It has been a lovely Christmas holiday, with both my children in the house. One still lives here all the time and the one is more usually away at university.
What makes this most apparent when they are both here is they play music very loudly, and when one of them likes the latest rap records and the other prefers Wagner, you can imagine what our house sounds like.
It occurs to me that – in fact, to give credit in the right place that it occurred first to Sarah – that we know very little about our children’s online lives.
They both use Spotify, which explains the access to that particular combination of musical tastes.
But – and this is where it gets interesting. The older one uses Snapchat and Instagram to keep in touch with friends. The younger one – who appears to be even more Gen Z in his attitudes – used Snapchat and Tiktok (until today, when he deleted them – or so he says).
They neither of them use Facebook at all, and they tell me they wouldn’t do. Neither do their friends. Because Facebook takes ownership of their pictures and thoughts, and they do so for ever.
They also use Whatsapp, rather than any more conventional email and they never use Twitter or X, as we must now call it.
Conventional opinion imagines that the new rising generation is completely obsessive about social media, but they aren’t – and neither are their friends.
That isn’t that being young at this point in history is somehow problem-free. The girls seem to go to pieces at 14 or 15 and prefer never to go out. The boys get involved with ‘county lines’ – which seem to be absolutely ubiquitous in Sussex – and spend their school years off their heads.
I exaggerate of course. But that is the tendency. And for some, sadly, it is wholly true.
Writing this blog makes me feel like an old fogie. But the truth is that the generally accepted picture of young people today isn’t that accurate. It certainly doesn’t apply down here.
When they finally get their act together, Generation Z won’t have their youthful indiscretions recorded on Facebook for ever – because they would then be ‘owned’ by Facebook.
And until Facebook and Google start sharing some of the proceeds from its data with the people it has been recorded from, they won’t get the commitment of the next generation.
I am also horribly aware that it is my children’s generation who will have to deal with the toxic tickbox version of IT – which leads inexorably to the phenomenon of the ‘empty’ or ‘absent’ corporation.
The best example I can think of at the moment is the phone company O2.
I am currently locked in mortal combat with this company over an incident in August when, away from home, I made the mistake of negotiating over the phone with their call centre – somewhere in the world – over my younger son’s phone contract.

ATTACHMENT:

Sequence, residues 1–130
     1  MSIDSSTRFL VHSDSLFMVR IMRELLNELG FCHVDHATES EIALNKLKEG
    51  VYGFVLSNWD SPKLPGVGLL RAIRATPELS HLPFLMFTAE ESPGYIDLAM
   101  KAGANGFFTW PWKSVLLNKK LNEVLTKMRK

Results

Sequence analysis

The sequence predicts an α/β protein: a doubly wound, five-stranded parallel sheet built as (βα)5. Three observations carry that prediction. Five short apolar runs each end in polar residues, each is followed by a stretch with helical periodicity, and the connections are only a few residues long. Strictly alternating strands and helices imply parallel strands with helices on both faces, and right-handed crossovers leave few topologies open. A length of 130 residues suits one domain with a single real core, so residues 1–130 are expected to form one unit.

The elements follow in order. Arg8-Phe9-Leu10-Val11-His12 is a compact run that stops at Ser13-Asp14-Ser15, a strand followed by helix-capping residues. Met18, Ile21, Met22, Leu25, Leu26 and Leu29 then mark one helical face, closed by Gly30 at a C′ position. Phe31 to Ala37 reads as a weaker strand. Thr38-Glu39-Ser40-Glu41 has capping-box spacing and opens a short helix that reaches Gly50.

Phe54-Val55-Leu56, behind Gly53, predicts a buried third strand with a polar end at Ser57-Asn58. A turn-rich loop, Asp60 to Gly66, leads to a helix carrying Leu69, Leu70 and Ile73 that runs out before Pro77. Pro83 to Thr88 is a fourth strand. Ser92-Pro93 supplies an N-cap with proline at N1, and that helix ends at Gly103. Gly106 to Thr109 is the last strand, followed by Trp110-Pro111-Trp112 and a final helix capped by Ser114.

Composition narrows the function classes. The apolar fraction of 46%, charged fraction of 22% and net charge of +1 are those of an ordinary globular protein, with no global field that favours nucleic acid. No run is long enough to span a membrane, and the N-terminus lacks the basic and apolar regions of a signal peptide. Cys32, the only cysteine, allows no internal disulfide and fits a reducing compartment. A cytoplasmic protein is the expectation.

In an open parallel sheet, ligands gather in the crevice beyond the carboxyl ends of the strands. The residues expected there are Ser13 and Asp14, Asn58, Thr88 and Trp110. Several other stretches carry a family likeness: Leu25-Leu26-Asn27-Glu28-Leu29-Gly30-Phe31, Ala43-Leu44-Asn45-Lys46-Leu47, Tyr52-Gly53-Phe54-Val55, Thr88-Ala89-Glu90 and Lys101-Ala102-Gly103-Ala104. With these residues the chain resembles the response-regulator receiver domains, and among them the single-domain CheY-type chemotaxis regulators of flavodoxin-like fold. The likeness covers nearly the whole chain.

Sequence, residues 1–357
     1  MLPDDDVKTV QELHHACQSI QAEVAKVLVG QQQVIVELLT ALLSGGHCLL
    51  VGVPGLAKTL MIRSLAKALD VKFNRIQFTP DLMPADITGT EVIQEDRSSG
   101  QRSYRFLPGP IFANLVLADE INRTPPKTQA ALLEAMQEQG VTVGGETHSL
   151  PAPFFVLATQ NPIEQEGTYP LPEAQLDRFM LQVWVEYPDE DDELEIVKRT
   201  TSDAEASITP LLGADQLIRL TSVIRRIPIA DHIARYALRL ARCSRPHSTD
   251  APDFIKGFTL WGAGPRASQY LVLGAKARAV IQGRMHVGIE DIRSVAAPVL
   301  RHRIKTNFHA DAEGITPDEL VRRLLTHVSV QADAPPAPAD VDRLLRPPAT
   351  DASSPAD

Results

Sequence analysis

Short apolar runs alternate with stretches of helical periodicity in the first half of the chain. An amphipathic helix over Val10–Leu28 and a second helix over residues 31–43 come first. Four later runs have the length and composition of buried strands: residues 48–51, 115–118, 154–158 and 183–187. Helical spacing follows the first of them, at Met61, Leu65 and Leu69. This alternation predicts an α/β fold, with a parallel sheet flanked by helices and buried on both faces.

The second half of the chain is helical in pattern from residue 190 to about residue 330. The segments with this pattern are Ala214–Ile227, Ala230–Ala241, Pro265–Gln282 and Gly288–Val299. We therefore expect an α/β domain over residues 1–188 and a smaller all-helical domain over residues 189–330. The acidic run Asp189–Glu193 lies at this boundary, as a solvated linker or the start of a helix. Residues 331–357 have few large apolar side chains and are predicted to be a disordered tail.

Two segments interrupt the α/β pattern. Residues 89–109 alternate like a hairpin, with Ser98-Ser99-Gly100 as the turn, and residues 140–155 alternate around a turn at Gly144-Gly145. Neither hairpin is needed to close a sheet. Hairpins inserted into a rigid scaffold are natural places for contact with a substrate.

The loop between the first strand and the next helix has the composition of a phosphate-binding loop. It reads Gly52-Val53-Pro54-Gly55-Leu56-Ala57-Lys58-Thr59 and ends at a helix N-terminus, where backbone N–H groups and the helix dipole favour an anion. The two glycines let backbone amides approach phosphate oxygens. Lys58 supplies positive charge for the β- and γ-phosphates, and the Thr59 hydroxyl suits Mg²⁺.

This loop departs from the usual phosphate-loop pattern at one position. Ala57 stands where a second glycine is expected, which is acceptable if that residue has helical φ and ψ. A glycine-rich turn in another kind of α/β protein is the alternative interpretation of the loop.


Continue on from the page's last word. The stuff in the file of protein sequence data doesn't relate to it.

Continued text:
The result was that, without our knowledge, our address was changed and we were ‘sent’ an advanced model phone – which, needless to say, never arrived with us…
They then loaded the debt onto my son’s account. This isn’t really the place to go into the ins and outs of this business. The key point was that nobody in the company could help me. Certainly nobody in their high street branches, where staff are bizarrely forbidden from intervening when someone has been in touch with the call centre.
I wrote to the managing director, aware that the handful of executives in the company are investigators who handle complaints from his office. I exchanged endless tweets with them and their bots, begging for some kind of reply.
Yet it wasn’t until November – three months later – when anyone got back to me from the company, and he knew nothing about the case.
It transpires that Virgin, a well-known empty corporation – also just a call centre in search of work – bought O2 in 2022. It is clear now that the call centre IS the company.
I also discovered at the weekend that Sarah’s account had also had our address changed to one in Glasgow, and she has also been paying for a state of the art mobile phone which she has never received.
I would like to think that the reason that nobody has been in touch is that they are all so busy investigating their call centre about these frauds – when even the supervisors assured us that the contracts we had received were ‘just marketing’.
But somehow I fear that isn’t the case, and there are just too few middle managers to do anything more than to make sure their automated systems run a little more smoothly for the call centre.
I don’t know how many other people may have been caught in the same scam. If you have an O2 account and you are paying out more money into it than you should – I recommend that you check (and if they did the same to you, please get in touch with me!).
In other words, I am ashamed of the useless, disempowering tickbox systems that my children and their Generation Z friends will have to deal with when they inherit the world. They will not find it easy either – because they employ so few people, it will be cheaper to run these shiny, heavily marketed tickbox systems where everything seems fine – until, suddenly, it isn’t.